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Author Topic: Bitcoin secure chargebacks (with votes)?  (Read 1262 times)
sebastian
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March 23, 2011, 11:58:00 PM
 #1

I have a little idea, I really don't know if this would be a good idea, but just discuss it.

The scheme would work like this:

You can elect to create either a standard non-reversible transaction, or you could create a secure reversible transaction.

A secure reversible transaction works in that way that you attach a note in the transaction, with a brief description of whats expected for return in the transaction, and all data that is needed to verify (this must be in english). The receiver of the bitcoins has to reply to this description to be able to claim the coins. The receiver should then reply in english, and have to supply evidence of having delivered what being asked.

For example a tracking URL to a freight company that makes it possible to track physical goods, a screenshot of transferred funds via paypal, or other evidence that is relevant for the case.

All of this could be described in a help file and a small how-to on how to verify transactions once a user selects to partipicate in secure votes (see later)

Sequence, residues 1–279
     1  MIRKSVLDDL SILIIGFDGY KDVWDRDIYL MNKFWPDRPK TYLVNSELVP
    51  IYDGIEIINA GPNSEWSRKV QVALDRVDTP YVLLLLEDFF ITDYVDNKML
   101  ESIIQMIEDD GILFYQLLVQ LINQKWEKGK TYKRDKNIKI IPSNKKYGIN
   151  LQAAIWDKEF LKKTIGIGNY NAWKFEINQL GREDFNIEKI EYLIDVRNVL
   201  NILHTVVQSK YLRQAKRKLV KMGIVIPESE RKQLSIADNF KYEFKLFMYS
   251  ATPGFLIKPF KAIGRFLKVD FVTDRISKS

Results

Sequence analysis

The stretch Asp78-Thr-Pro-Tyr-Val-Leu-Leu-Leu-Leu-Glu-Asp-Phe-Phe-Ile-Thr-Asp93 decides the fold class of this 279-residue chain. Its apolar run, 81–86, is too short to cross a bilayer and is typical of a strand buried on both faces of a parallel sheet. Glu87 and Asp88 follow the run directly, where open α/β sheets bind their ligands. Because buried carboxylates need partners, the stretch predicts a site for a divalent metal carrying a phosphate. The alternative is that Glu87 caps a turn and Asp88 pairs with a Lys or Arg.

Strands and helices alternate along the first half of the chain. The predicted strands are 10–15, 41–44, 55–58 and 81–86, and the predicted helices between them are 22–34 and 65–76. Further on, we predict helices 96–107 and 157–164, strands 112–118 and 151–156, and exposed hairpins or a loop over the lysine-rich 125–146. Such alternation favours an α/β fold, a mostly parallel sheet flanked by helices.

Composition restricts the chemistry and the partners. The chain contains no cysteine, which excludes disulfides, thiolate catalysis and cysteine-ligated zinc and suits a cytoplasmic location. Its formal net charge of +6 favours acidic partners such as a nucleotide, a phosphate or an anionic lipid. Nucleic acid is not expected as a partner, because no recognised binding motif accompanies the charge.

The recipient can also reject the transaction, immediately refunding the funds and not publishing any secure transaction over the network, which also refunds the 10 BTC fee minus lets say a rejected secure transaction fee of 1 BTC.

If the recipient ACCEPTS a transaction and affix evidence, the sender can select to ignore this, and then funds are released after a number of blocks (that correspond to 48 hours or something like that), or the sender can "protest" a transaction, for example if the recipient of the transaction tries to SCAM the sender.
If the sender ignores a transaction, the 10 BTC fee goes to the first whoever that calculates the block that releases this transaction.